Marcellus Gas Industry Prepares for New EPA Regulations

by Duane Nichols on November 19, 2012

From the Wheeling Intelligencer article by Casey Junkins on November 16th …

We’ve got about 20 folks outside who don’t like what I do – and don’t like what you do,” said Michael Krancer, secretary of the Pennsylvania Department of Environmental Protection, as he spoke Thursday to about 2000 attendees during the Developing Unconventional Gas East Conference and Exhibition in Pittsburgh.

As the 20 anti-fracking protesters converged outside the David L. Lawrence Convention Center, they chanted for Krancer to resign, noting they believe he and other Pennsylvania regulators are not properly overseeing the drilling industry. Krancer clearly disagreed, saying the Keystone State must promote energy development.

Tom Petrie, chairman of Petrie Partners, and Gary Slagel, senior adviser for environmental affairs for Consol Energy, believe the U.S. Environmental Protection Agency is soon going to find a way to place more regulations on fracking, or hydraulic fracturing used to release natural gas from deep shale formations.

Though the activity is exempt from regulation under the federal Clean Water Act, Petrie and Slagel believe the Obama administration is looking for ways to harness fracking. “We are preparing for the worst,” Slagel said regarding new federal regulations.

Drilling under the CNX Gas Corp. banner, Consol maintains gas operations in Marshall County, while the company also has working arrangements with Hess Corp. for acreage in Ohio and with Noble Energy in West Virginia.

Slagel also said he believes there is more public concern over natural gas drilling than ever existed over coal mining, the business for which Consol is best known throughout the Upper Ohio Valley.

Petrie said the “fear of fracking” is very real among the public, though he does not believe people should be afraid. He noted that Obama’s re-election is a major concern for those in the gas and oil industries because the U.S. EPA is moving in on fracking.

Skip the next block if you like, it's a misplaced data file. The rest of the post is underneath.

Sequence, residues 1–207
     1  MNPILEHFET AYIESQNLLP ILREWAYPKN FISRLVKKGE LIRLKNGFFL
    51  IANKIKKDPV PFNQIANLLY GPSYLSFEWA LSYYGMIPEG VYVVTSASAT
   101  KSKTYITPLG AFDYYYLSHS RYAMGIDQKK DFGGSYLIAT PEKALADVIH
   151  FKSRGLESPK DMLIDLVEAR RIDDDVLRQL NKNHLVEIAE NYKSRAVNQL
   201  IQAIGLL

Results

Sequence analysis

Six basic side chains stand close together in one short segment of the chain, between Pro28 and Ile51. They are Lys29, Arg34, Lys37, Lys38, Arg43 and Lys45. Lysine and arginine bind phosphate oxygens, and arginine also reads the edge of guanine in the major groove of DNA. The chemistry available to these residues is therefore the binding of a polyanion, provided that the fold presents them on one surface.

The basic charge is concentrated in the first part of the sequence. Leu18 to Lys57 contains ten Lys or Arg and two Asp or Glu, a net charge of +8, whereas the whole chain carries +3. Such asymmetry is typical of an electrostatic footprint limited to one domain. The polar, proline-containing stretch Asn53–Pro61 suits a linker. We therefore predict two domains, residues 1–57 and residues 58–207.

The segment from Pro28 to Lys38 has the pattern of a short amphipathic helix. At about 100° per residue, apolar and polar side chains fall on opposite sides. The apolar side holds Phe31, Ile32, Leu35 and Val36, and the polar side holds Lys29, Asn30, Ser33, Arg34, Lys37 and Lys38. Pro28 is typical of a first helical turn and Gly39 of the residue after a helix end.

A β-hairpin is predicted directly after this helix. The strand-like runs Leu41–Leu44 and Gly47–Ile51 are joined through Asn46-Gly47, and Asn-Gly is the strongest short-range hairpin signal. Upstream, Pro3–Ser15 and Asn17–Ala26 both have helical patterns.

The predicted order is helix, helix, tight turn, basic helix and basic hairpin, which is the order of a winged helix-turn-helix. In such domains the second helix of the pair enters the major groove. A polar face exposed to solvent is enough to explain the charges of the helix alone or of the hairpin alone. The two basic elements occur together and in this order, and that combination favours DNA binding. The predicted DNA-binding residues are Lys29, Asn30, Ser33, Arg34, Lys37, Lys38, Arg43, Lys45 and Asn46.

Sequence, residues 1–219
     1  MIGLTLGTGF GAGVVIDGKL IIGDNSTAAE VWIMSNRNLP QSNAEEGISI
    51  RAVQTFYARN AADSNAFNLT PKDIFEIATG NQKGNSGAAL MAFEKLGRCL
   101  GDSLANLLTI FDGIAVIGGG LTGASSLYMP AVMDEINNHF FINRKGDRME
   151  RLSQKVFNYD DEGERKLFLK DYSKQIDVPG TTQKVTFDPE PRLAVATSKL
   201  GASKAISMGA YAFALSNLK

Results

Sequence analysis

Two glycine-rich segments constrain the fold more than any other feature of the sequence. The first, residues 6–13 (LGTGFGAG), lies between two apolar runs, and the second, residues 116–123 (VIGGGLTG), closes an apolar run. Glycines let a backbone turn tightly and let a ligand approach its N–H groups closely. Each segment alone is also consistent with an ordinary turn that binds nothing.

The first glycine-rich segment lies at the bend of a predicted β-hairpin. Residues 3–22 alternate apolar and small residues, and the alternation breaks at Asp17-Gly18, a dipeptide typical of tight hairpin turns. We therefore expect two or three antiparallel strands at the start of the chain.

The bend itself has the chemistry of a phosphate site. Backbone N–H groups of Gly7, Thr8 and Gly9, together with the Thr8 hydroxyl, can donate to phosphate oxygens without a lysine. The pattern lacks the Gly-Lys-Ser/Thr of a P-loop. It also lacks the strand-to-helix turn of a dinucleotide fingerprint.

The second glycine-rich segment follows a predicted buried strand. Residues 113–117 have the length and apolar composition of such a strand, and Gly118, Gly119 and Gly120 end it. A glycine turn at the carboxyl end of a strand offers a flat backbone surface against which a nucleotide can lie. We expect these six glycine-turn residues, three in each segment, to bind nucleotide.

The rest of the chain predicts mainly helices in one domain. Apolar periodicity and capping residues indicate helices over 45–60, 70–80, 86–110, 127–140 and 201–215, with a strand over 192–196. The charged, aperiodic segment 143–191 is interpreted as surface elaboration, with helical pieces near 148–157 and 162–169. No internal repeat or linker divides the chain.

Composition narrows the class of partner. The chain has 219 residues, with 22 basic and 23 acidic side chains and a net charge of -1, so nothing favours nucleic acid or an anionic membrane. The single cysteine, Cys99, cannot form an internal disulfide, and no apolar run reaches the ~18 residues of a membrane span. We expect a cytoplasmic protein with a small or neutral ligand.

Ray Walker, senior vice president and chief operating officer for Range Resources, reminded those in attendance that the oil and gas industry has been very good to the Commonwealth of Pennsylvania. “The largest gas field in the U.S. today is the Marcellus (Shale). It has changed the entire marketing process,” he said.

Noting he did not “want to get political,” Walker made it clear he believes oil and gas drillers work best without much oversight by the federal government. Walker also said governments need to realize the potential benefit natural gas has for helping the nation move forward. “If you want to have energy independence, the answer is natural gas. If you want to rejuvenate manufacturing, the answer is natural gas,” he said.

{ 3 comments… read them below or add one }

Doug Sheridan November 20, 2012 at 3:34 am

EnergyPoint Research published my article about risks associated with the handling of water a couple months back, on September 12th. Rather than recount its points in this forum, here’s the link:


Randal S Mick November 20, 2012 at 1:20 pm

I worked in Bradford PA for over two years, almost three, and I worked for a drilling company. I watched as the landscape changed, I was often stuck in traffic for up to an hour or more, I witnessed all the disruption on top of the ground. Let me tell you that what we cant see under the ground scares me more. I have genuine concerns about massive levels of contamination to the water aquifer. I was part of drilling a well in Terry Township that went very wrong due to a disruption to the formation allowing methane to travel. This needs to be regulated along with pumping whatever you want in the ground under huge amounts of pressure. Well lets just say there are no gaurantees. We need to regroup here and and get some regulations and restrictions. Our childrens and our quality of life count on it. Dont wait for oil/gas companies to get profits first. Let’s open our eyes and protect our children.


Sharron Burgess November 20, 2012 at 9:22 pm

Mr. Walker is wrong. The economical future and decreased dependency on dirty coal and oil is and can be based on alternative, sustainable methods — wind, hydro, geothermal and solar.


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